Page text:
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The best treatment for prostate cancer might be no treatment

Each year, about 17 percent of men in Oregon and nationwide will be diagnosed with prostate cancer. Upon receiving this news, most men opt for aggressive treatment options, despite the accompanying long-term side effects of that choice. However, a new study suggests that may be the wrong choice.

Called the Prostate Cancer Intervention Versus Observation Trial, the study indicates that prostate tumors tend to grow so slowly that other health problems will take their toll first. In fact, the risk of dying from prostate cancer is only about three percent. Because of its slow growth rate, the study advocates for monitoring, rather than aggressive treatment of prostate cancer, which might result in surgical errors or complications from the radiation.

The study is based on 731 men who had been diagnosed with prostate cancer. Researchers randomly assigned the men to prostate removal or observation only. Overall, 47 percent of the men in the surgery group died during the study, compared to 50 percent of the others.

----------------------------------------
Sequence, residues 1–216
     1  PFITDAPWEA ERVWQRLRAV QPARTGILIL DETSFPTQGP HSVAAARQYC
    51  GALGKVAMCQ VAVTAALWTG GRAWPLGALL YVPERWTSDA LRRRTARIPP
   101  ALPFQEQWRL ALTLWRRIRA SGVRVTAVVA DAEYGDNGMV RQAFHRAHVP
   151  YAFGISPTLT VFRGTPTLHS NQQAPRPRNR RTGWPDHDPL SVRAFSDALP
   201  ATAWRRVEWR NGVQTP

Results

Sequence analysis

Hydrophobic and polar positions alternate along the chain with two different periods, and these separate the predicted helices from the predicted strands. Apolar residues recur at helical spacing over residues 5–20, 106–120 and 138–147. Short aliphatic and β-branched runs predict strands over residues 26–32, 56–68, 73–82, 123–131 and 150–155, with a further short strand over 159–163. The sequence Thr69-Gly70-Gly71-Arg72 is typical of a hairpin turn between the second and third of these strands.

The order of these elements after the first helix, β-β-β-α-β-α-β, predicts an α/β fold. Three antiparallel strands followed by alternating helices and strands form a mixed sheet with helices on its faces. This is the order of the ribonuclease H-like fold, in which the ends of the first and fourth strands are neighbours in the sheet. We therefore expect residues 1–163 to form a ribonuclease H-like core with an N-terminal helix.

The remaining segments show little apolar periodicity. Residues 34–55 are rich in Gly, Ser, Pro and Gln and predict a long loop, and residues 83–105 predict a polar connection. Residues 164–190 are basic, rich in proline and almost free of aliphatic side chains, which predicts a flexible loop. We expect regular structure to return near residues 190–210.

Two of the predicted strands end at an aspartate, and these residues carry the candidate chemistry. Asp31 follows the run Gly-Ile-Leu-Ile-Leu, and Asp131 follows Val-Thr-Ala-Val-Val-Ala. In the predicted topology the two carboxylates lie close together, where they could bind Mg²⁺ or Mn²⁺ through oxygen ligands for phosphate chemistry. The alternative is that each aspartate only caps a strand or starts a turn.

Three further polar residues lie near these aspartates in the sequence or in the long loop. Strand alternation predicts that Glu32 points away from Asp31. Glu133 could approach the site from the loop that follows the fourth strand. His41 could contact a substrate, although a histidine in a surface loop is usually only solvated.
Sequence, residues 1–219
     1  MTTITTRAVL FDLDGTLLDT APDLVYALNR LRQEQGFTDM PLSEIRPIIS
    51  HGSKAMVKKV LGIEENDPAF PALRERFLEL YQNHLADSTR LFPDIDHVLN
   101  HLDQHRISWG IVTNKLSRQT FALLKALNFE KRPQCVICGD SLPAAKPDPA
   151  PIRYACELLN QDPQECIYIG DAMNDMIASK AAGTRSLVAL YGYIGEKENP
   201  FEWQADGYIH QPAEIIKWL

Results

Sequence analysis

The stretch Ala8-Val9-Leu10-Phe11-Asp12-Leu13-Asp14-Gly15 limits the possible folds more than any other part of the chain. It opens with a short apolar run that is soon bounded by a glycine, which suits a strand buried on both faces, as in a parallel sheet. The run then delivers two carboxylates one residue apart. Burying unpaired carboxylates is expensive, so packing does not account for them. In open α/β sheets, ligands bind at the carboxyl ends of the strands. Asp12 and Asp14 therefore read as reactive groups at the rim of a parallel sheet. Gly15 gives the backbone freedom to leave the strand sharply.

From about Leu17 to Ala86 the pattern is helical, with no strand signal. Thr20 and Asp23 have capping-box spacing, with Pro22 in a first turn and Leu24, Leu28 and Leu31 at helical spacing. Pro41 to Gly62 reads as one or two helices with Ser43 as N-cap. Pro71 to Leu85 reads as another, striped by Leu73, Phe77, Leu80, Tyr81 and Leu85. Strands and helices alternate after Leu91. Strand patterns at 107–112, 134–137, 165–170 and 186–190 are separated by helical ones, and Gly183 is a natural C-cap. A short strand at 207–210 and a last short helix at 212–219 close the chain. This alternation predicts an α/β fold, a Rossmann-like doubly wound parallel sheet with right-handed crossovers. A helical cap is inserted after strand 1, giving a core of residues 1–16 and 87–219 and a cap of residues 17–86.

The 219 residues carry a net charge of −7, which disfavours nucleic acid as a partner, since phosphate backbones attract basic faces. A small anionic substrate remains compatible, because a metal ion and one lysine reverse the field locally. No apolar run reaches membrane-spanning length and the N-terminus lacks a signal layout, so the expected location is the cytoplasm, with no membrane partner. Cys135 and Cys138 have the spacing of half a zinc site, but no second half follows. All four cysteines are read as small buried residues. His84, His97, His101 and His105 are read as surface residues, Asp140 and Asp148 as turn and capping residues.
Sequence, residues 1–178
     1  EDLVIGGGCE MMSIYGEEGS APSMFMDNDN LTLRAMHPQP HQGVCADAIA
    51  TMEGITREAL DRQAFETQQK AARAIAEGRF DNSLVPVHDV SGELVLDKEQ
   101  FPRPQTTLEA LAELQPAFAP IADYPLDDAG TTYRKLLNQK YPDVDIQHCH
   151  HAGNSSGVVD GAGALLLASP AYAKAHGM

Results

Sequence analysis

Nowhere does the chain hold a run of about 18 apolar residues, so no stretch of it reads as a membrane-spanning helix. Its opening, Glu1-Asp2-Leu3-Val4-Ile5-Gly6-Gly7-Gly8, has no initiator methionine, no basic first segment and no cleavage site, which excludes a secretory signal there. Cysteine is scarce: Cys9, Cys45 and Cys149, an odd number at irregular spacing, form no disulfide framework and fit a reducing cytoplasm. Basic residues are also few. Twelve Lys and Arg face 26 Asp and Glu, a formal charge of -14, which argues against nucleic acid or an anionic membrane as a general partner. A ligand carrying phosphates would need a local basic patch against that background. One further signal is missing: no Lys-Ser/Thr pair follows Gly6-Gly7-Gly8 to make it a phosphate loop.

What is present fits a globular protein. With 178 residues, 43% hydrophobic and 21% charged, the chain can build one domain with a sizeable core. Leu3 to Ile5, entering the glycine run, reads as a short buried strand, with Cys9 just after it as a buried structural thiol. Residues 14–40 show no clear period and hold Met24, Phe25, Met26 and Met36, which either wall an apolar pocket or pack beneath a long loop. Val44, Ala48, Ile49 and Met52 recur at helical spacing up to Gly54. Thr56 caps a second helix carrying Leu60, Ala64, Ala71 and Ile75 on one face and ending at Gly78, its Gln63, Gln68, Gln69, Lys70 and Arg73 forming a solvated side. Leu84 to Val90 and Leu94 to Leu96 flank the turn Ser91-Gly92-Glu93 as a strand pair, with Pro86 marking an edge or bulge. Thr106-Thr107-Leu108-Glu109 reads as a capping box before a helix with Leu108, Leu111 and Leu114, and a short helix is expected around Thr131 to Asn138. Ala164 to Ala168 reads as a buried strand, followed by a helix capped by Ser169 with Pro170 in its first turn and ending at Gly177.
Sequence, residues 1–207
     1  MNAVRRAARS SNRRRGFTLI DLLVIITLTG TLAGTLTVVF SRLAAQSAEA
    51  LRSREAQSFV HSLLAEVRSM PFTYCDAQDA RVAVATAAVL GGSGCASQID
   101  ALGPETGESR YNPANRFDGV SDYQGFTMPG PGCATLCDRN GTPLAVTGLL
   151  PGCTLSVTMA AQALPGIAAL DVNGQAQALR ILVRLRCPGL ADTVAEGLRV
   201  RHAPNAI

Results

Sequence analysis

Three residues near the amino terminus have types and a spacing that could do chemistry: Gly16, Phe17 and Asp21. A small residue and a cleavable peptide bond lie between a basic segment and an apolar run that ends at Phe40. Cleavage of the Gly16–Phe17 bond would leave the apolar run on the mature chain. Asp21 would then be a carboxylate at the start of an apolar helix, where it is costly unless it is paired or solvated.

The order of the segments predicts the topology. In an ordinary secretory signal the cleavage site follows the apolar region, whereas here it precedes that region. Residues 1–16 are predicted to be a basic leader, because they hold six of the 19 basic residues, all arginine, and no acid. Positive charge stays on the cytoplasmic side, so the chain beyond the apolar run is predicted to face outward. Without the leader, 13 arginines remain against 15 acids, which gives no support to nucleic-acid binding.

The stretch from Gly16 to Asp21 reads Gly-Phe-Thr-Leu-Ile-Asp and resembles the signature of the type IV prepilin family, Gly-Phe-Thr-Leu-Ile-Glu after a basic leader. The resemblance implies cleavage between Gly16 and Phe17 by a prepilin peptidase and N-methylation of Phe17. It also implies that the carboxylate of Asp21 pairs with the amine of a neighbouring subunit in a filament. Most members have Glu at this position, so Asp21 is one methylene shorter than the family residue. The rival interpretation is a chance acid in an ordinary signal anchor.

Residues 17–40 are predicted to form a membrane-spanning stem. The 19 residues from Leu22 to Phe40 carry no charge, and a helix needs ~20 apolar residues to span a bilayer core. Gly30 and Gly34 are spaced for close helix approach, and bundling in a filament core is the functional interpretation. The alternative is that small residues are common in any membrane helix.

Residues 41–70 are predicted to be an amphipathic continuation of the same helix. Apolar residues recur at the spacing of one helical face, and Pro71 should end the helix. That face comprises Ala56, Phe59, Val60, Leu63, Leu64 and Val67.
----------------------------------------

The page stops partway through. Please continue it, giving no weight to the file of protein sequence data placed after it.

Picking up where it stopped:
After ten years, 5.8 percent of the men who received surgery had died from prostate cancer or its treatment, compared to 8.4 percent of patients kept under observation. In fact, more than one in five of the men who underwent surgery experienced a complication of the surgery, including one death.

Aggressive cancer treatments, such as surgery or radiation, often have devastating side effects or complications. Yet the study found that slow-growing prostate tumors might not cause problems to most men in their lifetimes. For such patients, the best treatment might be simply letting the tumor alone — provided doctors continue monitoring the growth of the tumors by bringing patients in for regular checks.

This conclusion might be hard to believe, considering that prostate cancer is the second-leading killer in men. Each year, 28,000 deaths are attributed to it. The technology for screening men for prostate cancer has also become increasingly advanced, permitting detection of ever smaller tumors. More than 240,000 new diagnoses are made each year.

Source: Reuters, “More men with prostate cancer ‘team’ wait on treatment,” Genevra Pittman, July 31, 2012

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